In either of the above scenarios, the fish that survive such declining water quality often become mere shadows of what they could be. Poor conditions limit growth and color, and may contribute to conditions like "hole-in-the-head" and " head-and-lateral-line-erosion". In fact, the old myth that "a fish will only grow to the size of its container" may well be attributed to the stunting that occurs in poorly maintained aquariums. Other fish may appear to remain unaffected, at least to the casual observer, which may lead to yet another calamity.
An unwary aquarist is most likely to be rudely awakened to Old Tank Syndrome when he attempts to add new fish to his existing collection. Many fish "shock out" upon introduction to this very different, harsh environment and simply perish within a few hours. Others may survive the initial shock, but the acute stress of this radical change in environment weakens them, making them more susceptible to infection. Ironically, disease-causing parasites may well be so successful at attacking these weakened fish that they quickly multiply to epidemic proportions, and wreak havoc on the original residents as well.
The aquarist might be inclined to blame the dealer for "selling sick fish"; after all, he hadn't lost any fish or seen a sign of disease in several months - or maybe years - before making this purchase. "Obviously," he argues, "there's nothing wrong with my aquarium, or all my fish would have died long ago". But that isn't necessarily the case. The original inhabitants had the opportunity to become slowly accustomed to waste buildup. The hardier specimens adapted to the chronic stress and survived. Weaker individuals were overcome one at a time, perhaps over a period of months, and their deaths attributed to natural causes.
We'll leave this aquarist and dealer to wrangle over replacement policies, just as many others have done before them, but hopefully take with us the knowledge that such tragedies don't need to happen. Good, regular aquarium maintenance is both the prevention and cure for Old Tank Syndrome.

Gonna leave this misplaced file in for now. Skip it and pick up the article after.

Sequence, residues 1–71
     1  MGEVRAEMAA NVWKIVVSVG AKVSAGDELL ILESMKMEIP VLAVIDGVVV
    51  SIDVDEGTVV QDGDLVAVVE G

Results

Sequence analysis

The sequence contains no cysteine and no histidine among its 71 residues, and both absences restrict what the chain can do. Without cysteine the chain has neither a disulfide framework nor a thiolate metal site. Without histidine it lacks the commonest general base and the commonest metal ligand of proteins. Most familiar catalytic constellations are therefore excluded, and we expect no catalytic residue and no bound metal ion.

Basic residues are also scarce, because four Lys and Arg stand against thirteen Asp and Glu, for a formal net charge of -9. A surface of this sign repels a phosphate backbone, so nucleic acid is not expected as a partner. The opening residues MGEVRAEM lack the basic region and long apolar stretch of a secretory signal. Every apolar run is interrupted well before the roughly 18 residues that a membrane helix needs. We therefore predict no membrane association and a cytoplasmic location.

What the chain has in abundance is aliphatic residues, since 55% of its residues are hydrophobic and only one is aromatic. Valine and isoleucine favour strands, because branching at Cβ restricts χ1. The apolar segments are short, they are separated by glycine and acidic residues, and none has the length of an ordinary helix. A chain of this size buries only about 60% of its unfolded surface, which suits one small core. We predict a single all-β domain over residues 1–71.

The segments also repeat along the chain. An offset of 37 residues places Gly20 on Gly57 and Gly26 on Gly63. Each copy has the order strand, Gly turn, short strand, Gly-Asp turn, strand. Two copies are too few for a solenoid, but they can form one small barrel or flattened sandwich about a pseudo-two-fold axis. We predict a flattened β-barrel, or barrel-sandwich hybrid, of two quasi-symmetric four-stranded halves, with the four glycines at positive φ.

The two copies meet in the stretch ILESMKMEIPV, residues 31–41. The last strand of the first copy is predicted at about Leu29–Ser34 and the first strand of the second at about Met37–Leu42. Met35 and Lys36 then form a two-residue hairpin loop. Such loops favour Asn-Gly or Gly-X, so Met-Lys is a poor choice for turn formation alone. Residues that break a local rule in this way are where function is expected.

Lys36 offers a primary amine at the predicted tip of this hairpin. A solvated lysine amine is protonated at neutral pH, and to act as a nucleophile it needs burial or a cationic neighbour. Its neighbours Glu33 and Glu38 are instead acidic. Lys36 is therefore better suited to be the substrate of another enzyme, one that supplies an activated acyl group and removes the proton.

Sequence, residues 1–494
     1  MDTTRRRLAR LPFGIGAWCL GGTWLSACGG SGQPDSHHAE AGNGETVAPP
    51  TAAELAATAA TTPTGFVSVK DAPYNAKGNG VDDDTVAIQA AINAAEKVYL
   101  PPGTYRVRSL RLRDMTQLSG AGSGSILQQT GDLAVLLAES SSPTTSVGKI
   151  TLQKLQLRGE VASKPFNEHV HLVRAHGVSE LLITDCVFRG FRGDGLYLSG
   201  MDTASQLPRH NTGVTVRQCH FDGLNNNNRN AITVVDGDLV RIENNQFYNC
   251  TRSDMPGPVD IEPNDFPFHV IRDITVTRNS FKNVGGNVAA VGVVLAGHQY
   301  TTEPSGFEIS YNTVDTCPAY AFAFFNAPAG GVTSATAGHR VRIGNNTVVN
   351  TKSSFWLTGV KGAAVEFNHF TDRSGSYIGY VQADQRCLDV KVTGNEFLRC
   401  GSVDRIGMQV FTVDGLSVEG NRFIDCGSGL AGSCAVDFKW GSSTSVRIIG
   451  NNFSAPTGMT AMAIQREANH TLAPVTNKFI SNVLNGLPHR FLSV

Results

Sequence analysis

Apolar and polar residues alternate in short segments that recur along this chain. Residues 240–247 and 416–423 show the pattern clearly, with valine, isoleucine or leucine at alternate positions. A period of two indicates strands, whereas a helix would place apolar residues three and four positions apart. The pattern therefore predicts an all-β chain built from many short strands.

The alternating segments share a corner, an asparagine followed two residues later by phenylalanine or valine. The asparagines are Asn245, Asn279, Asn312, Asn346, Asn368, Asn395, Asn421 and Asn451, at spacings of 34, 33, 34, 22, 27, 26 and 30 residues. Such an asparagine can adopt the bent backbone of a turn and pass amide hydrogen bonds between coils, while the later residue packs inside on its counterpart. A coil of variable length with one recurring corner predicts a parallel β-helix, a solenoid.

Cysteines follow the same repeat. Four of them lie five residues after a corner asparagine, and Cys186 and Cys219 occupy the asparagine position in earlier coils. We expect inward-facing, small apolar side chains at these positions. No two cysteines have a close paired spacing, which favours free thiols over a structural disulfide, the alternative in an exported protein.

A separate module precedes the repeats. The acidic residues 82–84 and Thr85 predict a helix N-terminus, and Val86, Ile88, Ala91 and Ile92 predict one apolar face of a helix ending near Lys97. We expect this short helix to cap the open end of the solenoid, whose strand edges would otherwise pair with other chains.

Filtration - at least "mechanical" and "chemical" filtration - can remove some specific compounds from the water, providing the filter media is cleaned or discarded periodically. "Dirt" that is stuck in a filter cartridge or adsorbed in a chemical media is still part of the aquarium environment until the cartridge or media is removed from the filter. Interestingly, "biological" filtration does not actually result in the net removal of waste; it simply converts one form into a different, hopefully less dangerous form (for example toxic ammonia is converted to less toxic nitrite and then into relatively safe nitrate).
But no filtration system removes everything, and there tends to be a continuous accumulation of waste products and other compounds in every aquarium until - you guessed it - a water change is performed. A 25% water change removes 25% of the nitrate and ammonia and restores 25% of the buffers, all in one fell swoop. Water changes can be performed as often as desired, assuming that there is suitable water readily available, and should be performed as often as necessary to keep nitrate and pH levels stable. A typical aquarium might require a minimum of 25% changed every two to four weeks, while a crowded or overfed tank may need to be serviced weekly.
If a tank is found to be experiencing Old Tank Syndrome, water changes are again the treatment of choice, but care must be taken not to attempt too great a change at once. Sudden changes in environment are always stressful to fish, even if the changes are for the better. Furthermore, if the aquarium has already gone into the low pH / high ammonia phase, a rise in pH will change non- toxic ammonia into lethal ammonium and lead to catastrophe. Daily changes of 15% to 20% are safer and as effective as the one-time 50% to 90% cleaning we might be tempted to perform. Constant monitoring of pH, ammonia and nitrate are highly recommended during this process. If ammonia levels remain high while pH is being raised, it is wise to back off the water changes for a few days to allow the ammonia-eating bacteria the chance to catch up.
Once proper conditions have been restored, a regular maintenance program, including water changing, filter cleaning and perhaps chemical testing, should be set up and followed. A well- maintained aquarium is a thing of beauty and wonder, and who knows, it just might rekindle a long-lost flame.